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Food

Takeaway Seals Victory In $8bn Just Eat Battle

By Dave Simpson

Online food ordering company Takeaway.com has won the battle for Just Eat with a £6.2 billion share offer that will create one of the world's largest meal delivery companies.

Takeaway said that 80.4% of Just Eat shareholders agreed to its all-share offer, passing a 50% threshold needed to make the offer unconditional.

"I am thrilled," Takeaway CEO and founder Jitse Groen said in a statement. "Just Eat Takeaway.com is a dream combination, and I am very much looking forward to leading the company for many years to come."

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The merged company, which will be led by Groen, will have its headquarters in Amsterdam and a listing in London, with 23 subsidiaries, mostly in Europe, but also in Canada, Australia and Latin America.

Takeaway said that the combination will handle orders worth more than rivals including GrubHub, Delivery Hero and Uber Eats in a market where China's Meituan is the largest player by volume.

Work To Be Done

While ending a colourful takeover battle, Takeaway's victory starts the difficult task of integrating Just Eat.

As an indication, Takeaway has said that the combined company would have had sales of €1.21 billion and a loss of €43 million on a pro-forma basis in 2018, though both have registered strong sales growth in 2019.

Takeaway said that the combination will achieve annual cost savings of approximately €20 million from centralising orders on its platform, unifying brands and improving procurement.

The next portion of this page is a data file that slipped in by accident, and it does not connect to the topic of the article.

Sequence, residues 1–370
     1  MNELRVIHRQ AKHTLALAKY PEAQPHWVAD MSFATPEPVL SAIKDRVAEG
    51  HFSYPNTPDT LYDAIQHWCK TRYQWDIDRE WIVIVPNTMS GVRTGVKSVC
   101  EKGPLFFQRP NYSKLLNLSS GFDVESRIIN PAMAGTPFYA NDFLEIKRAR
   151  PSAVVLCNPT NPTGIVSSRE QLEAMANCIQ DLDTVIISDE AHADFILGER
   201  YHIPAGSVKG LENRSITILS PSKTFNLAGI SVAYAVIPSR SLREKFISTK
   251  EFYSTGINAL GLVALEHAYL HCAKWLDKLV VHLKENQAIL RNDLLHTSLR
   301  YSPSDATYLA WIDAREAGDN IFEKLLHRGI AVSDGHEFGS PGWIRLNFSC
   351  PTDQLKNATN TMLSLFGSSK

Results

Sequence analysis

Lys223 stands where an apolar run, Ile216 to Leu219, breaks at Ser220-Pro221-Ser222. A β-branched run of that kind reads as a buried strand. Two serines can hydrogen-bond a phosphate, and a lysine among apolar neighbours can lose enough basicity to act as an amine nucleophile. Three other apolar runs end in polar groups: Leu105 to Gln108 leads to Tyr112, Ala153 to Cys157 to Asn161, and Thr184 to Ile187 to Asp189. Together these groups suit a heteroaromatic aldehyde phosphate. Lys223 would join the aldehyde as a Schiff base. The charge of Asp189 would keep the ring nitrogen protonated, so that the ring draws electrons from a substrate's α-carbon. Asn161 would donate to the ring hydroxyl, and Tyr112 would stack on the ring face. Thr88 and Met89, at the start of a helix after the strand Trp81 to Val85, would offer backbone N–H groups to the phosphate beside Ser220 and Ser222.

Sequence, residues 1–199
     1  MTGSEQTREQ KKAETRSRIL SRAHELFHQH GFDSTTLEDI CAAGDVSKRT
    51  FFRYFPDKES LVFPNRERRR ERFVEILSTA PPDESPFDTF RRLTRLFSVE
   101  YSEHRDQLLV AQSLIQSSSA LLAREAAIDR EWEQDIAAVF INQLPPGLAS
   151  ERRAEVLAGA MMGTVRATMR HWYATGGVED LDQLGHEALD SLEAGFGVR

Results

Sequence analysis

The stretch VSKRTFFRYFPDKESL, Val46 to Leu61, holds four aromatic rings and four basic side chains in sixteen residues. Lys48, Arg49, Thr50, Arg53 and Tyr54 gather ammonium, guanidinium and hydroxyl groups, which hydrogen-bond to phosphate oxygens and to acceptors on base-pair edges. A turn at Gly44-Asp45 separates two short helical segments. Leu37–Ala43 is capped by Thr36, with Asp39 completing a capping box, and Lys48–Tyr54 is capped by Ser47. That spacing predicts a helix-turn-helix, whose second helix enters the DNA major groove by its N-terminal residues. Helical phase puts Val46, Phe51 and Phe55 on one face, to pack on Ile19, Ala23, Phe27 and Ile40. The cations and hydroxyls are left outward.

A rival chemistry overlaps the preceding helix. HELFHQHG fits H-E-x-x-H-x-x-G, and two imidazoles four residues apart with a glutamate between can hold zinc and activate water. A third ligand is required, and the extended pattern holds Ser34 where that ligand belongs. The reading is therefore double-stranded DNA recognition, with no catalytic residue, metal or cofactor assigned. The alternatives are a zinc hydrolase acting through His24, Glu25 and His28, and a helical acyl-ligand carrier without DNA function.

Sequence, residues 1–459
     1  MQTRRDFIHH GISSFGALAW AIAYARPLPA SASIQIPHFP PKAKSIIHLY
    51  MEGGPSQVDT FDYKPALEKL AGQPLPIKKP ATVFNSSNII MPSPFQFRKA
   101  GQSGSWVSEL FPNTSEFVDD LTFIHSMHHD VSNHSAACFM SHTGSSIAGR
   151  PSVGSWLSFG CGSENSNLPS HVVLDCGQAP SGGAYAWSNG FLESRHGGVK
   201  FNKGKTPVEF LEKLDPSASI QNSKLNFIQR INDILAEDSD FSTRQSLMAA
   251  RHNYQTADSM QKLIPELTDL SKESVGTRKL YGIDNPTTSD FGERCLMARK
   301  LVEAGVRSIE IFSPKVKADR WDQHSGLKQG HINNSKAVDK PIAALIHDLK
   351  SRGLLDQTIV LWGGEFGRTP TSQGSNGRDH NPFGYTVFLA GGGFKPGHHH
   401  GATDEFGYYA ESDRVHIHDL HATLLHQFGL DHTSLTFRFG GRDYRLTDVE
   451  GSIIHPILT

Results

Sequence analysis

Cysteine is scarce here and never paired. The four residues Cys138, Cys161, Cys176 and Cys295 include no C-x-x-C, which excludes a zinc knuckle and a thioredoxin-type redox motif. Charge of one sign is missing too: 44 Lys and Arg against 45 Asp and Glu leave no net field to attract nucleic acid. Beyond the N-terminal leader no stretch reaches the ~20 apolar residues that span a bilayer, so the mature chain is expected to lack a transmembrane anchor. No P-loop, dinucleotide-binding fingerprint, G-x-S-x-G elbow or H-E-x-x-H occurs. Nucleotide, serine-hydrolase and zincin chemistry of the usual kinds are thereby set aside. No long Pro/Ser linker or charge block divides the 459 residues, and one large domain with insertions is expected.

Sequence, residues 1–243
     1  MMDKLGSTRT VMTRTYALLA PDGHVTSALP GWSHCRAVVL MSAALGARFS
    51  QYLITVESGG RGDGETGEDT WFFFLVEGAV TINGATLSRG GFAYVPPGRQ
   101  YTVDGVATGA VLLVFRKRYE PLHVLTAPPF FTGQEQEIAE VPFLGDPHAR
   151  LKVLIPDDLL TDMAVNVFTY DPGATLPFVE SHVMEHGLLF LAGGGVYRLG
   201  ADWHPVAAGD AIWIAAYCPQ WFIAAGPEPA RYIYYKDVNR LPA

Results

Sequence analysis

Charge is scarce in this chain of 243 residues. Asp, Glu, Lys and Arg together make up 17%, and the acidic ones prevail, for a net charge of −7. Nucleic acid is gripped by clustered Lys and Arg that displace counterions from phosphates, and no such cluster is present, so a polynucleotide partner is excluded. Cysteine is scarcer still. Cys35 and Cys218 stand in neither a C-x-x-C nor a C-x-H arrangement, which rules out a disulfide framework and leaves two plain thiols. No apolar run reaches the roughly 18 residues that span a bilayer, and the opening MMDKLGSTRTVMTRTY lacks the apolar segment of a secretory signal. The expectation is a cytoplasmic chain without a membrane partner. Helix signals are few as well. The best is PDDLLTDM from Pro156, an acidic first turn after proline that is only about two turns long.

As part of merger plans, Takeaway has said that it is likely to sell Just Eat's 33% stake in iFood, Latin America's biggest food site, including its strong Brazilian subsidiary. Prosus controls iFood.

The Fight For Acquisition

The fight to buy Just Eat began in August when Takeaway struck a management-backed deal that would give Takeaway a 48% stake in the combined company.

That plan was upended when Prosus laid down the first of three unsolicited rival bids in October. All were rejected as inadequate by Just Eat managers.

Prosus argued that Takeaway was underestimating the investment needed to fend off rivals such as Uber Eats and Amazon.com.

Groen responded that food delivery is a low-margin business and his focus was on becoming the dominant ordering platform.

The fight reached a dramatic climax on December 19 when Prosus made its final offer and Takeaway responded minutes later with a higher bid, cutting the share of the merged company that will go to its own shareholders to 42.5%.

Takeaway will have to prove that the business model it has pursued in Germany and the Netherlands, which has led to rapid sales growth and improved core earnings (EBITDA), will eventually lead to lasting profitability for the group.

News by Reuters, edited by Hospitality Ireland. Click subscribe to sign up for the Hospitality Ireland print edition.

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